A pilot was killed and a man on the ground suffered burn injuries when a Robinson R44 crashed at the Birchwood Airport 24 miles north of Anchorage on Wednesday.

The pilot of the helicopter was identified as 62-year-old Thomas Moore.

According to witnesses at the scene, the helicopter was practicing sling load maneuvers at the airport when it crashed at about 2:30 pm.

Emergency crews from Chugiak and Anchorage, as well as State Troopers responded to the scene. The National Transportation Safety Board also responded to the scene.

Clint Johnson of the National Transportation Safety Board said that the pilot had been practicing for the last couple of days at the airport lifting a 100-foot with a full barrel of water attached to the bottom end.

It is unknown at this time if the helicopter was taking off or landing.

The injured man on the ground was taken to Providence Hospital for treatment of his burn injuries.

The wreckage of the helicopter was transported to a hangar for further investigation and the investigating team is looking at surveillance video in an attempt to determine the exact events that preceded the crash.



A helicopter pilot died in a crash at Birchwood Airport on Wednesday afternoon, authorities said.

The crash was first reported at 2:30 p.m., according to Clifton Dalton, assistant chief at Chugiak Volunteer Fire and Rescue Company. He said crews responded in minutes to find the helicopter engulfed in flames.

Rescuers said the pilot, who had not been identified, was killed. Dalton did not know who the helicopter belonged to nor whether it had been landing or taking off.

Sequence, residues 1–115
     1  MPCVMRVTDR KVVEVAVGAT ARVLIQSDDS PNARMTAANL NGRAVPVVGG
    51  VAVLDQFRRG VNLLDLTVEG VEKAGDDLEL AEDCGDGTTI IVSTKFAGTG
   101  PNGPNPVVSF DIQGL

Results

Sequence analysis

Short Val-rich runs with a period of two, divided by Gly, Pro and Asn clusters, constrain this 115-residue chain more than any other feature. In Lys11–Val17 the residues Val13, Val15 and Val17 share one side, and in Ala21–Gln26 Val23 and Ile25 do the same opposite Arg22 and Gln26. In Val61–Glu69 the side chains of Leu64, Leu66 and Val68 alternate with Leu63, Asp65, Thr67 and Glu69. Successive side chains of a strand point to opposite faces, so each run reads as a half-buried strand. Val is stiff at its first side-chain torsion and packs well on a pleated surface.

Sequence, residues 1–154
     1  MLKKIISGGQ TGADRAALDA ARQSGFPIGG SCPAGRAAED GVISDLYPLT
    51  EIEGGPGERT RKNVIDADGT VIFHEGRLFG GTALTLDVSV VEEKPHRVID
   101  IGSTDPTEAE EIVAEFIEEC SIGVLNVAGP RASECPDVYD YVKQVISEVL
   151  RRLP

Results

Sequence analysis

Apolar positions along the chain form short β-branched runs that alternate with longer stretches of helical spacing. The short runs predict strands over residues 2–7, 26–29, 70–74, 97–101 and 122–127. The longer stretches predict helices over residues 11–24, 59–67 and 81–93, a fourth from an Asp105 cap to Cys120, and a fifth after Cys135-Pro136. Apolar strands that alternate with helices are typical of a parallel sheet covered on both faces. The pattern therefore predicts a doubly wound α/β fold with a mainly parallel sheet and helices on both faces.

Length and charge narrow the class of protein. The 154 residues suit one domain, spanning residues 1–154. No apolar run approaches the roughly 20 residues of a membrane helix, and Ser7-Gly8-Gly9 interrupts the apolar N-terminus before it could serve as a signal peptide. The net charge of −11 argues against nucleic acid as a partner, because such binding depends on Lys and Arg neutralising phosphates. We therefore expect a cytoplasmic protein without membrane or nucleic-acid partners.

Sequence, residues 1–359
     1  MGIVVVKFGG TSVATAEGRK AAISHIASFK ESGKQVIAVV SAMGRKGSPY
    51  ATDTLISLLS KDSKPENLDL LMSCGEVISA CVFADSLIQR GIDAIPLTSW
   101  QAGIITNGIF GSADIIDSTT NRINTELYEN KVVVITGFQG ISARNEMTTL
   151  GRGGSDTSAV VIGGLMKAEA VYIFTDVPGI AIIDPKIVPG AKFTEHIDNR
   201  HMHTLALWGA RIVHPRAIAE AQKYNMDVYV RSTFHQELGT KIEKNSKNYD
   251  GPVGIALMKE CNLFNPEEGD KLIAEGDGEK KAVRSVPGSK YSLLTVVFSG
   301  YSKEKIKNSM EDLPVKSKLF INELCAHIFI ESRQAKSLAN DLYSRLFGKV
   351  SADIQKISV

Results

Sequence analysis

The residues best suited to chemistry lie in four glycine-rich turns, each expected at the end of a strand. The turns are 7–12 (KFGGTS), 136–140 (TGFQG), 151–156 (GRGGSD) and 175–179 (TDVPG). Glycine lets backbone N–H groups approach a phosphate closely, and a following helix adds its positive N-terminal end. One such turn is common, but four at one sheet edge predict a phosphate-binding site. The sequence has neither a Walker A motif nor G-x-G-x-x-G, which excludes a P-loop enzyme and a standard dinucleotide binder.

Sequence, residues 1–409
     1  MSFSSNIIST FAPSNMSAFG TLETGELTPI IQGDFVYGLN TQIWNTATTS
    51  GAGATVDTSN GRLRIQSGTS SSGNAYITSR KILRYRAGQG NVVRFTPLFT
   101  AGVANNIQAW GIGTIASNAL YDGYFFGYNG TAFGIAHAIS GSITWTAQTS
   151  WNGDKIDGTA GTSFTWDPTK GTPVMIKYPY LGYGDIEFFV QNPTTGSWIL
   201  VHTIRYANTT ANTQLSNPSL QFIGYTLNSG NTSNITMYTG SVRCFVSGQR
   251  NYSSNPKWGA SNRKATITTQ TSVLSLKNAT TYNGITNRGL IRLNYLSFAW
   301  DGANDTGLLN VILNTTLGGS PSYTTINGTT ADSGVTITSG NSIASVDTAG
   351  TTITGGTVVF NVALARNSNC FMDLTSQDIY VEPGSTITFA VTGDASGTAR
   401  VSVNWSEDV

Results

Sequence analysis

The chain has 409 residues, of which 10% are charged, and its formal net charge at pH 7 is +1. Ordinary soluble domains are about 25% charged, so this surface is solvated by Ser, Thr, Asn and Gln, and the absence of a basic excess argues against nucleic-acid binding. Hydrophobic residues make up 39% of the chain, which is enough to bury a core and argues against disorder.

According to Federal Aviation Administration spokesman Allen Kenitzer, the helicopter was a Robinson R-44. He said the cause of the crash remained unknown.

Anchorage police spokeswoman Jennifer Castro said police were still working to notify next of kin Wednesday.

Dalton said a bystander who saw the crash suffered serious burns while attempting to rescue the pilot and was transported to Providence Alaska Medical Center for treatment.

The wreckage of the helicopter sat charred at the south end of the runway Wednesday evening. Only its yellow tail remained intact.

Witnesses said they saw the helicopter carrying a load that appeared to be a 55-gallon drum. John Markis, who had been leaving Birchwood Airport, saw the helicopter just before the crash. He said it had dropped its load, but it was unclear if that had been planned.

Israel Payton said he was working at nearby Airframes Alaska when he heard a loud bang. He said noise at the airport isn't unusual. There's a shooting range nearby, and helicopter pilots often practice there. But this bang was unusually loud.

When he looked out, he saw the helicopter on the ground in flames. Payton said he recognized the helicopter as one that usually stays parked at the airport, but he did not know who owned it. He told his colleagues to call 911 and ran outside with a fire extinguisher.

Payton said other people quickly rushed to help put out the fire, though small fire extinguishers did nothing to stop the flames, which quickly engulfed the helicopter.

Payton said one bystander suffered badly burned hands while trying to pull the pilot out of the helicopter, but an explosion pushed the would-be rescuer back.

After the crash, several police vehicles and two fire trucks were on scene as police interviewed witnesses. The National Transportation Safety Board had investigators on scene, collecting and sorting evidence.

Catherine Gagne, air safety investigator with the NTSB, said the investigation was still in its preliminary stages and it was too early to determine the cause of the crash.

Gagne is based out of Atlanta but was assigned to work in Alaska because of the state's high number of air crashes in summer.


March 14, 2013:



Robinson R-44, N392GP: Accident occurred March 14, 2013 in Eagle Nest, New Mexico
  
NTSB Identification: CEN13LA194
14 CFR Part 91: General Aviation
Accident occurred Thursday, March 14, 2013 in Eagle Nest, NM
Probable Cause Approval Date: 06/24/2013
Aircraft: ROBINSON HELICOPTER COMPANY R44 II, registration: N392GP
Injuries: 2 Uninjured.

NTSB investigators may not have traveled in support of this investigation and used data provided by various sources to prepare this aircraft accident report.